A Fatherless Story

I can remember it like it was yesterday.

My mind was trying to comprehend the words that were coming out of this young man’s mouth. I was confused, and I was doing a poor job of hiding it on my face. So he repeated again, “My dad stole my brother’s computer and sold it.”

I knew that my student (Let’s call him “Mike”) and I were different in many of ways. We grew up in different environments. There are cultural differences between us. There are socioeconomic differences. There are familial differences. But it was this conversation that really changed my perspective. I just kept trying to imagine my dad doing this to me and my sisters.

Then I started having memories of spending time with Mike in his home. Images started to come to mind of Mike being overly protective of his personal belongings in his own home. Originally, I thought this was just a constant sibling conflict, and an inability to share with each other. Then it hit me. He wasn’t trying to stop his siblings from touching his belongings, he was trying to avoid having his things being stolen by his own father, in his own house.

Then I asked the question that dug a little deeper, “Why does your dad steal and sell your stuff? What does he use the money for?” In my mind I was trying to assume the best. Maybe he was trying to buy food for his family.

His response was one that shouldn’t have surprised me, but it did. “He pawns our stuff and uses the money for drugs,” said Mike in almost a monotone voice, like it was just normal life for him. His mom wasn’t sure where their next meal was going to come from, while the father was stealing his children’s possessions to buy drugs.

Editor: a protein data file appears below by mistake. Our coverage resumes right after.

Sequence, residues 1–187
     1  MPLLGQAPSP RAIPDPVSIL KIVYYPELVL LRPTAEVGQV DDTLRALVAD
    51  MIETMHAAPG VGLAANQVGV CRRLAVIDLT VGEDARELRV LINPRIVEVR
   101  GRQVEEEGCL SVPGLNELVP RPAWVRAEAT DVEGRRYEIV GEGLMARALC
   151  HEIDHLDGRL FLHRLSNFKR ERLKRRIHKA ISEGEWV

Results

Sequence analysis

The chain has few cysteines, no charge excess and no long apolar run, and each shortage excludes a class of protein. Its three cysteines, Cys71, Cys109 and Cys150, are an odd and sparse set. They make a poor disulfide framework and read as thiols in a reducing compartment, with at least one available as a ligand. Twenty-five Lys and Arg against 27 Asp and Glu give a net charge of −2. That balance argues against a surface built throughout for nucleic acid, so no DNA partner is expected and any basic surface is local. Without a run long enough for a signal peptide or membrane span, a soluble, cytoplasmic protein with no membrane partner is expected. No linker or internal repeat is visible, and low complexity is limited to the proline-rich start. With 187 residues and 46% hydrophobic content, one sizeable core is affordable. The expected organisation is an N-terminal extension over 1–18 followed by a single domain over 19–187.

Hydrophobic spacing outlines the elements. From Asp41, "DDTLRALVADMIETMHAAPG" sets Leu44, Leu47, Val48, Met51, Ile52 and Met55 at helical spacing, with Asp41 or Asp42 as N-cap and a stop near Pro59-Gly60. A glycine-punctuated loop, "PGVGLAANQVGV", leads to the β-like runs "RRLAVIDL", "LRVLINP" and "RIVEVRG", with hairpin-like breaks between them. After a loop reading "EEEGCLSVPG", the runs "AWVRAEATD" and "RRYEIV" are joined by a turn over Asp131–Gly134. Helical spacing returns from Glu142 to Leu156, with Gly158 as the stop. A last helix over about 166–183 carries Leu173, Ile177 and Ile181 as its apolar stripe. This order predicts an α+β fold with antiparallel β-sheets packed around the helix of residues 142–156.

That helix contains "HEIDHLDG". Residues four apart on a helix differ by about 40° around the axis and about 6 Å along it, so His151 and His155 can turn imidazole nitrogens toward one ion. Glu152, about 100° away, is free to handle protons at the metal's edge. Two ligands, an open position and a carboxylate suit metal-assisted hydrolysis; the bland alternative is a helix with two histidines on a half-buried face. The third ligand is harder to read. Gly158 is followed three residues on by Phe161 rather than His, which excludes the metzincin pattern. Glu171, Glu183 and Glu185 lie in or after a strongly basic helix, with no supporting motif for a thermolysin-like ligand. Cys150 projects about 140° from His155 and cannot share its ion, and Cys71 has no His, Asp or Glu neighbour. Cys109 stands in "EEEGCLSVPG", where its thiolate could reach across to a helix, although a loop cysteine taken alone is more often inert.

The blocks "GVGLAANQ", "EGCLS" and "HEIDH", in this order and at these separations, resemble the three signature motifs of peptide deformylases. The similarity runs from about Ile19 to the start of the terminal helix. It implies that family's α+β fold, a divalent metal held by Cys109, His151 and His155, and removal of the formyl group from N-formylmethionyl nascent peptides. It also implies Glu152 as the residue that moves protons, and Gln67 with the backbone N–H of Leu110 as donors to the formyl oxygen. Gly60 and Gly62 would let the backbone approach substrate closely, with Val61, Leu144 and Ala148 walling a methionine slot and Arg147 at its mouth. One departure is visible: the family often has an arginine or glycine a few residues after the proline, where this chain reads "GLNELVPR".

The sad part is that this is normal life for Mike. In fact, he can’t remember a time in his life where this wasn’t the norm. And this isn’t just an isolated situation. This is just one story of thousands happening across Chicago and our country. It simply points to a larger problem. That problem is fatherlessness.

Sure, Mike’s father is sometimes physically present in the home, but that’s about it. And in fact, he does more harm than good when he is present in the home. Their family is happier when he’s not there. And the statistics reveal the results of this fatherlessness on a larger scale.

40% of all children in the U.S., including a staggering 72% of African American children are born out of wedlock. And the symptoms of fatherlessness are real.

Fatherless children are:
2x as likely to drop out of high school
2x as likely to end up in jail
2x as likely to abuse alcohol or illegal drugs
4x as likely to have emotional or behavioral problems
4x as likely to live in poverty

When a father is not present in the home, families are more likely to be broken. Cities are more likely to be broken. People are more likely to be hurt.

Thankfully there’s a solution. It’s not an easy solution. It’s not a quick solution, because there are none of those. The solution is Christ-centered Life-on-Life relationships. You can learn more about it here: https://www.gripyouth.com/about-us/life-on-life. But we’ll be back soon to tell you more.

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